Today: January 20, 2018

To Contribute →

Login Register


June 17, 2015 at 5:45 pm | Waseem Ahmed

Fraud investigation


Investigations and other related enforcement activities including off-site and on-site surveillance and inspections are potent weapons in the regulatory arsenal of law enforcement agencies globally. Investigations are made either for detailed examinations or to find out facts. Regulatory and law enforcement agencies can effectively accomplish their statutory mandate if they exercises their investigative authority prudently and professionally.

Financial and white-collar crimes have increased tremendously in recent years. Investigators and law enforcement personnel need to be well-equipped in combating such crimes. An investigator shall have the ability to elicit facts from evidences and witnesses in a fair, impartial, lawful and accurate manner.


Officers of regulatory authorities can optimize their investigative efforts by utilizing  certain techniques and best practices while carrying out investigations. It is said that a successful investigator is part lawyer, part accountant, part criminologist, and part detective. Following best practices shall be kept in view by the investigators while performing these diverse roles:

  • Financial statement fraud is usually a means to an end rather than an end in itself. When people cook the books, they may be doing it to buy more time to quietly fix business problems.
  • Important red flags associated with commonly encountered fraudulent activities shall be pre-defined for assistance during investigation.
  • Nonfinancial measures (NFMs) and disclosures, normally presented in directors’ report and other narrative reporting instruments, are helpful to detect financial statement fraud. For example, expansion in production facilities, an NFM, shall generally correlate with turnover/revenue growth, being financial measures, in the medium- to long-term. Any inconsistent patterns between the two sets of financial and non-financial disclosures may prove helpful to detect irregularities.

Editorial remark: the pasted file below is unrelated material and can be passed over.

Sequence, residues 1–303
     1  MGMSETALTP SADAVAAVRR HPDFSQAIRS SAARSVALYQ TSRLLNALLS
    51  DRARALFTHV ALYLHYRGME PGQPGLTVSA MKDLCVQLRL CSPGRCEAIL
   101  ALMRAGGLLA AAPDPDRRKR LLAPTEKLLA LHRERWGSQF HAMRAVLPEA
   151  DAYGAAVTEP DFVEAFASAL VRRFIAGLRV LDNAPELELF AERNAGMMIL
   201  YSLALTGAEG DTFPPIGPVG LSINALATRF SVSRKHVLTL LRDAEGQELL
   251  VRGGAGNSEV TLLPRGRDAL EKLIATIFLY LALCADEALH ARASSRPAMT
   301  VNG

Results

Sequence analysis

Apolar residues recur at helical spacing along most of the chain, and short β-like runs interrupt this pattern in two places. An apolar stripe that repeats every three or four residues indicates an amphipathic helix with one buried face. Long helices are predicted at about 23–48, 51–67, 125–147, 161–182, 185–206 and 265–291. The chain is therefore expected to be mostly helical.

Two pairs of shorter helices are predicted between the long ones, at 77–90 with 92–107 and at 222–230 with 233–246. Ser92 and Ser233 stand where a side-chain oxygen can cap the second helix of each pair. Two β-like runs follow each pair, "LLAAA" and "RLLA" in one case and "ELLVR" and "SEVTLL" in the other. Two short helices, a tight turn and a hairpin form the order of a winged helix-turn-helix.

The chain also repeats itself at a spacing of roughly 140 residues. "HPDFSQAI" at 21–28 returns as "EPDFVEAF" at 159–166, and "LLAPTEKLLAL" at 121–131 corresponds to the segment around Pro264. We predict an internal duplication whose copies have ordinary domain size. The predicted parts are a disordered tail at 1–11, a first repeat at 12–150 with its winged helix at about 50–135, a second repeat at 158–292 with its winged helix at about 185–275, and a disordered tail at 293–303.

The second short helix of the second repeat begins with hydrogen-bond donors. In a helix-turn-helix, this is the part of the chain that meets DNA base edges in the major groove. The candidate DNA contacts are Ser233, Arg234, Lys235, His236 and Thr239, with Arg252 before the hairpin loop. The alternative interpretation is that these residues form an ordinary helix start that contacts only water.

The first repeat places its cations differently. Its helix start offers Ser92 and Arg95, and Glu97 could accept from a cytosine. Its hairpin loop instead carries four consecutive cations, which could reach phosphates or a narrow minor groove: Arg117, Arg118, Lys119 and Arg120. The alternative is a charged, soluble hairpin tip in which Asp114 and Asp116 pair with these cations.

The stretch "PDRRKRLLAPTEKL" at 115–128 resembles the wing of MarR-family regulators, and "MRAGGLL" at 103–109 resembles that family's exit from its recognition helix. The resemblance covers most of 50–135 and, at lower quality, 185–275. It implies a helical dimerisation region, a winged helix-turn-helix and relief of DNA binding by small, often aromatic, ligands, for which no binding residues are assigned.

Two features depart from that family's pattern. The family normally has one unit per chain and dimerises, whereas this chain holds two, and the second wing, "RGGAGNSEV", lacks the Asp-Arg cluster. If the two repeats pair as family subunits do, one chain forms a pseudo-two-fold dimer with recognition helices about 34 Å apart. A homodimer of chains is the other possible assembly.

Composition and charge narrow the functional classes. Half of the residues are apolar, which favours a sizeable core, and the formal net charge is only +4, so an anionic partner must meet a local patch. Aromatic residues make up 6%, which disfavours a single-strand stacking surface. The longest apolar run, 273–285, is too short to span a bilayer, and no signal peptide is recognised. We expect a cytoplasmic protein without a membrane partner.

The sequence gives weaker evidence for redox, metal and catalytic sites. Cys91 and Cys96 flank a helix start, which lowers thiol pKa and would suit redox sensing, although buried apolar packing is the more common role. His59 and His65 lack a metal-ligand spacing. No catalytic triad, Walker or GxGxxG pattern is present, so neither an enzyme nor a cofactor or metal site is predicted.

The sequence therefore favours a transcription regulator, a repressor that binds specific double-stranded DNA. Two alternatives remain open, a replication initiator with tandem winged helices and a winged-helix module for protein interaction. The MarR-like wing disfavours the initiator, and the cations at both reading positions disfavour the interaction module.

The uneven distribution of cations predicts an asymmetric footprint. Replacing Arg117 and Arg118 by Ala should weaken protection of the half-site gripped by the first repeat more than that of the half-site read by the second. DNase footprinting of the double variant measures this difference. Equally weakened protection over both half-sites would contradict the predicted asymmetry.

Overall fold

• Forensic examination of documents is a pre-requisite in most investigation cases. Fake documents may be characterized by signature forgeries, substituted pages, counterfeited documents, ink differences, alterations, etc.
  • Such examinations may also involve analysis of paper folds and sequence of folds, comparison of torn or cut paper edges, restoration of charred documents, and detection of inserted texts, etc.
  • Evidence may be direct or circumstantial. While the former shows prima facie the facts at issue, the latter indirectly shows culpability of the alleged violation or offence. However, direct evidence is hard to come in majority of the investigations.
  • Investigators must be well aware of the rules of evidence. In many instances, a case fit for prosecution is not admitted by the court due to improperly obtained evidence.
  • Investigators must properly secure physical/documentary evidence. Only copies of documents should be used for marking, not originals.
  • Investigators must properly record and maintain the proceedings of hearings/interviews conducted, whether on-site or off-site. They may consider to transcribe the proceedings of hearings/off-site interviews forthwith. The possibility of electronic note-taking through tape-recording can be explored, since a large portion of proceedings during hearings generally went unrecorded manually.
  • Utilizing Data Analysis and Case Reporting Tools:
  • Regulatory and Law Enforcement Agencies around the globe are utilizing the latest data analysis and reporting tools to enable them cope with the complex and multi-disciplinary aspects involving financial investigations.
  • A number of computer programs, traditionally called Computer Assisted Auditing Techniques (CAATs), have been developed that enables the investigator to sift through heaps of information.
  • These tools help identify red flags; enable effective data mining as well as advanced data manipulation and analysis, reporting and case management. Many such tools are available in the market from which to choose:
    • ACL for Windows – a data analysis, audit and reporting software that keeps original data intact
    • Active Data for Excel – An add-in that makes highly technical operations in Excel easily understandable and manageable
    • Monarch for Windows – transforms electronic reports generated by other programs into text files, spreadsheets or database tables
    • i2 Analyst’s Notebook – a powerful professional visualization and analysis tool
    • CaseMap – A database product used to organize information about the facts, cast of characters, and issues and questions in any investigation.